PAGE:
Total thyroidectomy for benign thyroid diseases

OBJECTIVE: To review the indications for total thyroidectomy as the preferred option in certain benign diseases of the thyroid in order to prevent recurrence or future reoperations. METHODS: A retrospective study of patients with benign thyroid diseases, carried out from January 1997 to December 2009, analyzing the data relating to age, surgical treatment and postoperative evolution. RESULTS: The mean age was 51.8 years (21/77), with the highest incidence in the fifth and sixth decades of life, with 34 (51.5%) patients. The most common preoperative diagnosis was nontoxic multinodular goiter, of which seven were also intrathoracic, followed by autoimmune thyroiditis; recurrent goiter occurred in 11 cases. Multinodular goiter was found in 37 (56.1%) patients, autoimmune thyroiditis in 22 (33.3%), follicular adenoma isolated in five (7.6%), Hurthle cell adenoma in two (3.0%). Sixteen patients (24.2%) had more than one histopathological diagnosis. Permanent injury of the recurrent nerve was observed in one patient (1.5%). There was no case of permanent hypoparathyroidism. There was no operative mortality. CONCLUSION: Total thyroidectomy is an operation that can be safely performed, with low incidence of permanent complications, which allows one to broaden its indications in various benign thyroid diseases, thus avoiding future recurrences and reoperations.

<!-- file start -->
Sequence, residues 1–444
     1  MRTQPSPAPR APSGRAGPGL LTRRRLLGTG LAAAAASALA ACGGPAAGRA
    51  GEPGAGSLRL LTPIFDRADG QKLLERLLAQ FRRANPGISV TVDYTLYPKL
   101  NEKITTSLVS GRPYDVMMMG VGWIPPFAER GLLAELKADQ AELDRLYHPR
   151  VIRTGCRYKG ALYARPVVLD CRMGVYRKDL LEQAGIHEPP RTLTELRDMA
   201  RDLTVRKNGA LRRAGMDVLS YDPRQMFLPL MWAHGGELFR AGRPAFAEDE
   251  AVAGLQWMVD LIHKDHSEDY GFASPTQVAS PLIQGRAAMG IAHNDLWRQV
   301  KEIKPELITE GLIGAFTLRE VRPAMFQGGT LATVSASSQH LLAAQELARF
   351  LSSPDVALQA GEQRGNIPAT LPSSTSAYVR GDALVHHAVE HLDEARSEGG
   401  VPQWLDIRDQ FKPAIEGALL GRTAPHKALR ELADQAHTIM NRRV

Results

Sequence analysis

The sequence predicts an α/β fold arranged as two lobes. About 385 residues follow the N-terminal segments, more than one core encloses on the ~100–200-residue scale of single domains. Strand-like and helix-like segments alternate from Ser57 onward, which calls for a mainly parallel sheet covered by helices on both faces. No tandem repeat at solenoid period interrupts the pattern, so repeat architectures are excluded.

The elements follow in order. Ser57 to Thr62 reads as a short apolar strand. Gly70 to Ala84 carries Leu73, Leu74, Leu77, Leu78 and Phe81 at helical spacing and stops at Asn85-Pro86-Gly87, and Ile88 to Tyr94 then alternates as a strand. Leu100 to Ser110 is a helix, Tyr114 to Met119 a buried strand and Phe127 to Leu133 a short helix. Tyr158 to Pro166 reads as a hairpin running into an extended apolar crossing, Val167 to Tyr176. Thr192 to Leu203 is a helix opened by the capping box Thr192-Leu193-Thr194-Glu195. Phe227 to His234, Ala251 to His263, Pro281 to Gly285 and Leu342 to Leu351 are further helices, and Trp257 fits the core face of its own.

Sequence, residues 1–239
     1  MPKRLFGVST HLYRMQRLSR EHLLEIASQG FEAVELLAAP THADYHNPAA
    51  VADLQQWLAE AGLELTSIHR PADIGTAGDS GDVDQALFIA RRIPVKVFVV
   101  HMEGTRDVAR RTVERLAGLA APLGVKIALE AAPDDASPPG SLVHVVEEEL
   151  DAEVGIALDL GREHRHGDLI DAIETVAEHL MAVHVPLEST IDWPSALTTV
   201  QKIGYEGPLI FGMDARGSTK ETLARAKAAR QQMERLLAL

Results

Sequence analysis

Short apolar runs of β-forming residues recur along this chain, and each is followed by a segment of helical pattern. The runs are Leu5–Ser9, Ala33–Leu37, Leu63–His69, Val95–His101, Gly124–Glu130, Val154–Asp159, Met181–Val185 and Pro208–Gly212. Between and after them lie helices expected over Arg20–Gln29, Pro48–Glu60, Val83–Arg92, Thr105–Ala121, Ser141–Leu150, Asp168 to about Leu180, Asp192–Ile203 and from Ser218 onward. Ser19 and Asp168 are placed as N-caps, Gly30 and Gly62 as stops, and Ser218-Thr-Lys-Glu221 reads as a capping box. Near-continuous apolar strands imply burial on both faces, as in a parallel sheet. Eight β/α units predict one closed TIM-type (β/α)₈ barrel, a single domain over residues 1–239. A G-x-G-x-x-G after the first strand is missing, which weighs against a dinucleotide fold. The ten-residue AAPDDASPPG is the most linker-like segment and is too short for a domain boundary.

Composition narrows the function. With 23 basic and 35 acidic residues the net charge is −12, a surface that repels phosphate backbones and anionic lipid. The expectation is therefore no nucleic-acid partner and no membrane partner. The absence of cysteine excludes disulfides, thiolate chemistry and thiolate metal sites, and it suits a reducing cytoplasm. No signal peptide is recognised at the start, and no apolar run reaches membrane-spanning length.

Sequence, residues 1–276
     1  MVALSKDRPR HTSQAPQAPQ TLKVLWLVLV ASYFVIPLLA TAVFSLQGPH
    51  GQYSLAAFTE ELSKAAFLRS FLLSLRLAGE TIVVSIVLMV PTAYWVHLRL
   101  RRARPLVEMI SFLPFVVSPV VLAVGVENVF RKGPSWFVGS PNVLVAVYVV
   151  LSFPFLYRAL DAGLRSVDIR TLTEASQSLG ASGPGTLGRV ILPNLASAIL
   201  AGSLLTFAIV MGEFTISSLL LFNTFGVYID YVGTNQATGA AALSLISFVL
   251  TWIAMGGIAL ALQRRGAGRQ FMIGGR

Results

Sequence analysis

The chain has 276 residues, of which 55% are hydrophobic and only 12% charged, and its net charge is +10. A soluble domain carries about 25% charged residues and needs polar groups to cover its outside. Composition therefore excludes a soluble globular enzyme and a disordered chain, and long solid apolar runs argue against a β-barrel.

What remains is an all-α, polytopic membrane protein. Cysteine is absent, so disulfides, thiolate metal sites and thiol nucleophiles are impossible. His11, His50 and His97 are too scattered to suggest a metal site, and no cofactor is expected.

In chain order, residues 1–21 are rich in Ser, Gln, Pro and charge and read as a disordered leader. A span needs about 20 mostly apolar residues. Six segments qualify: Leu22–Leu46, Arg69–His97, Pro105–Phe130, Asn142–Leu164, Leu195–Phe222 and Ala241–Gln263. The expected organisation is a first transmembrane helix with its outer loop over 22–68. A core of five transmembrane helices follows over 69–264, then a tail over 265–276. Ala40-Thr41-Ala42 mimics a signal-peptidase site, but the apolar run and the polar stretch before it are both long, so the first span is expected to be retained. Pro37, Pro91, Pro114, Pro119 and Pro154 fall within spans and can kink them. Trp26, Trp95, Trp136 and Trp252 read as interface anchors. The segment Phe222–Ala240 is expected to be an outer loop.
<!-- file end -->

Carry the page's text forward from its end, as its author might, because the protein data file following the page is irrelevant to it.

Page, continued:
Thyroid gland; Thyroid diseases; Goiter, nodular; Surgery; Thyroidectomy


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